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Luminaries to Benefit Hunger Coalition, Remind Us of Community
Tuesday, December 15, 2020


Many Christmas traditions will be shelved this year because of the coronavirus pandemic.

But one tradition that should shine bright during socially distanced events is the luminaria.

Lee Dabney, who started the tradition in the Wood River Valley 16 years ago, says it offers families a chance to stroll around their neighborhood looking at the lights. And, as always, the donations for supplies will be given to The Hunger Coalition.

“There’s always a need, but this year there’s especially a need because of all the people who have lost income during the pandemic,” she said.

Those who want to light up their neighborhood are asked to make a minimum donation of $10 to The Hunger Coalition. For that they will receive 10 luminary kits comprised of 10 white bags, 10 votive candles and instructions.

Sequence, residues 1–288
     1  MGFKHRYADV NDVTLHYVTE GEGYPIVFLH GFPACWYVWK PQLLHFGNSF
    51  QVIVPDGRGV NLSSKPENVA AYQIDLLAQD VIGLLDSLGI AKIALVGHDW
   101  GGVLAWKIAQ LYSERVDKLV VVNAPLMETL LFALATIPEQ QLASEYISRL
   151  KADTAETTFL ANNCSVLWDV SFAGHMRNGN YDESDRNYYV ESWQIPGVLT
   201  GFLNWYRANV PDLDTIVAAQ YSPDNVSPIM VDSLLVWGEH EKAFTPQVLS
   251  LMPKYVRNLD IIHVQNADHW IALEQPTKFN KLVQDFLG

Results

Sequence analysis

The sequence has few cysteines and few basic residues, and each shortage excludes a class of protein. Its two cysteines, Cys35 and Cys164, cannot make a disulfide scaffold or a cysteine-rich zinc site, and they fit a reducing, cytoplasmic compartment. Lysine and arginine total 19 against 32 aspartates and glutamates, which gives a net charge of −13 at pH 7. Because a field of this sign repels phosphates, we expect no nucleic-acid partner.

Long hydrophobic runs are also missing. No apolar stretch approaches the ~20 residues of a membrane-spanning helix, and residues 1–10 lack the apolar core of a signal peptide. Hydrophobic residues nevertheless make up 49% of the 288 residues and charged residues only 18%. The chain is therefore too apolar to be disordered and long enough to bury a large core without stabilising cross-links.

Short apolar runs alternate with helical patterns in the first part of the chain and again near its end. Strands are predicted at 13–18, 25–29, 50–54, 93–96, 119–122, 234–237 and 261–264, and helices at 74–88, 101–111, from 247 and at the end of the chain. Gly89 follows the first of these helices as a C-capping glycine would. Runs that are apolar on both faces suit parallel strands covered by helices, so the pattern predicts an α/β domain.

The bags should be set up along the street in front of your home on the evening of Sunday, Dec. 20, as a show of support for our community and those in need, Dabney said.

To make a donation, visit and write “Luminary” in the comment box. Kits can be picked up at The Hunger Coalition at 121 Honeysuckle Lane in Bellevue. Or, they can be purchased and picked up at 620 Kintail Drive in Hailey’s Northridge neighborhood.

“Because of the pandemic, The Hunger Coalition is not able to do its normal fundraisers so I hope this can help,” said Dabney. “I’ve ordered 5,500 bags, which my husband is desperately hoping we’ll sell off because they’re filling my garage right now.”

Dabney started the tradition in her neighborhood when her son, who is now a sophomore in high school, was a baby. She had seen her sister set up luminaries while visiting her one Christmas in New York State and thought it was beautiful. Over the years she’s raised $40,000 for The Hunger Coalition.

“It’s such a simple thing but quite lovely,” said Dabney. “You light the candles at dusk and they burn for 10 hours. Because it’s snow season they can burn all night long, and the paper bags are biodegradable so there’s not a lot of waste.

“This is a communal thing that’s safe,” she added. “You can walk in the fresh air or you can drive through the neighborhood. Hopefully, it’ll give people a lift since we’re not going to Christmas concerts and Christmas services this year.”

Questions? Call or text 208-720-9680.

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